The Ambassador referred to discussions held with the PM and others the previous day concerning this problem. He said we can help with SGUs for use in trail interdiction, but he expressed doubt as to how much we can do in connection with a requirement for regular [Page 174]battalions in Sayabouri, Champassak, and Sithandone. However, we were seeking a complete answer on this from Washington.
The VP said the situation in Southeast Asia is so distorted in the press coverage that people do not get a clear picture of the nature of actions such as the assistance Souvanna is seeking. The Senate is focusing intensely on this type of action in a very hostile way. While we know it is needed and worthy of our support, that support cannot be provided in the usual way at this time. (At this point, FonMin Thanat (who has kept himself very closely informed on the various amendments which the Senate is considering) spoke to the PriMin in Thai for some time explaining some implications of the Cooper–Church, Fulbright, and other proposed amendments.)
The VP said that press is generally aware that there were some Thai forces in Laos, although we had not confirmed their presence. He said US support of additional Thai forces for Laos could cause a real explosion in US public opinion. Thus it was necessary to look for other kinds of assistance which would permit the Thais to transfer funds now allocated to other purposes to support such measures as Thai battalions for Laos.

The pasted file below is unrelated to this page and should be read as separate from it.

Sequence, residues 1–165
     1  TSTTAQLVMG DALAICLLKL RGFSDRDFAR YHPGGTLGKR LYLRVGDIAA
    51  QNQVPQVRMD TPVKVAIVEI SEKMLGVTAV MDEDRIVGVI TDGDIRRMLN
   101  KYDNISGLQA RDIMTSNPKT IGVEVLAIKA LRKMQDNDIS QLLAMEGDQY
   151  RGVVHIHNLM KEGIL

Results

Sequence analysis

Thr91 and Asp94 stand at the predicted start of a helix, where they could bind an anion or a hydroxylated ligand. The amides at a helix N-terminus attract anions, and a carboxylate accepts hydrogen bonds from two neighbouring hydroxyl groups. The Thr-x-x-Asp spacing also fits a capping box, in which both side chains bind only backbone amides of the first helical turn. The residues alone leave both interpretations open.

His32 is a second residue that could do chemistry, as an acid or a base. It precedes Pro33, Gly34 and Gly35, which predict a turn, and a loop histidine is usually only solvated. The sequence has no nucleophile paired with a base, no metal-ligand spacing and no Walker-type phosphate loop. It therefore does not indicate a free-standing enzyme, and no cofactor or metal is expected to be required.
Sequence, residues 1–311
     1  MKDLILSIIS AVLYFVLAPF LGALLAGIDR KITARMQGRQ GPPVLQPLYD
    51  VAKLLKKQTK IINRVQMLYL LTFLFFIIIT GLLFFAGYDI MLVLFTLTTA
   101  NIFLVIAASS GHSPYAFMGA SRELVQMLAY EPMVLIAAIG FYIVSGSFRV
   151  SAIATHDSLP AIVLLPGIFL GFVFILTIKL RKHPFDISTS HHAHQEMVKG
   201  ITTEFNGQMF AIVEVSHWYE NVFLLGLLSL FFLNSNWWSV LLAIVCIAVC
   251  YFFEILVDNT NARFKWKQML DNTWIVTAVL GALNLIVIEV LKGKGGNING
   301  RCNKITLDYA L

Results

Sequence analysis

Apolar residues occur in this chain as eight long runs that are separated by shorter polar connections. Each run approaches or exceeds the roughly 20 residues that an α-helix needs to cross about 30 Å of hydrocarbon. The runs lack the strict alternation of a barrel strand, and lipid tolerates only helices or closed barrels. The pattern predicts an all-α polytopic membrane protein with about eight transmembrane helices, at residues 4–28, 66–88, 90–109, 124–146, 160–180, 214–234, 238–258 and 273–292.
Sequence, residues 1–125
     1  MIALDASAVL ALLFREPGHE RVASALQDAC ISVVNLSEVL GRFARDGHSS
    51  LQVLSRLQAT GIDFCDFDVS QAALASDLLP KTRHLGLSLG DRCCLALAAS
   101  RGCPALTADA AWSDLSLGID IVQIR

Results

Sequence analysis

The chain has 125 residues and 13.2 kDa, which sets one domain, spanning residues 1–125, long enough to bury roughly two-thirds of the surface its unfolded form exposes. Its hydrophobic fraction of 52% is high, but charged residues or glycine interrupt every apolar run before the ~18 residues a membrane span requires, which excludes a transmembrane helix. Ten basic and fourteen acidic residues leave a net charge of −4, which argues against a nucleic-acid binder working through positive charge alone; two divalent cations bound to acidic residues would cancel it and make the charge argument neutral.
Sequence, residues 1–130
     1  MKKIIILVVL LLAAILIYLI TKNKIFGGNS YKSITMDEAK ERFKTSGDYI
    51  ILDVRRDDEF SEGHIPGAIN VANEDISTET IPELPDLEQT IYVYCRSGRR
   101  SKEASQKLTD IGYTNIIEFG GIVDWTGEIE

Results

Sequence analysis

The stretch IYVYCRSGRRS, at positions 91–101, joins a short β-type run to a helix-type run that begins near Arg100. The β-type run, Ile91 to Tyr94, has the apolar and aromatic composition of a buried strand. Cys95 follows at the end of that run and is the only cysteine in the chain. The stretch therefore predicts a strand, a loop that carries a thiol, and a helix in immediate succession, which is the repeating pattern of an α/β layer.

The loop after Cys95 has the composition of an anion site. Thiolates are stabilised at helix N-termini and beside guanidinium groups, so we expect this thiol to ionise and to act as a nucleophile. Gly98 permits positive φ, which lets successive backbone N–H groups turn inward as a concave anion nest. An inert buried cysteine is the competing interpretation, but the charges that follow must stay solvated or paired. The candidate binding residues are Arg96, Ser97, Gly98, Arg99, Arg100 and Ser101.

Impact of Political Situation in the US on Southeast Asian Policy: Against this background the VP discussed further the pressures from the forthcoming elections and current attitudes in the Senate. He noted that Humphrey had recently come out in support of the McGovernHatfield Amendment. Many voices are now calling upon us to leave Asia now regardless of the consequences. The VP described the severe inflationary situation the President had inherited from the previous administration. Thus he had been forced to trim spending in an effort to reestablish a sane fiscal policy. Congress, however, had insisted on large education and housing appropriations, even overriding the President’s veto, forcing the administration to trim the defense establishment by $10 billion. This meant applying the knife heavily all over the world, and facing considerable resultant unemployment in the US. He said the present was as tough a period of national adjustment as we had ever had to cope with.
The VP said President Nixon understands that we should fulfill our role as a Pacific power and was determined that we would keep our treaty obligations. He said the President would not have sent him back after only seven months if he didn’t think this part of the world was important.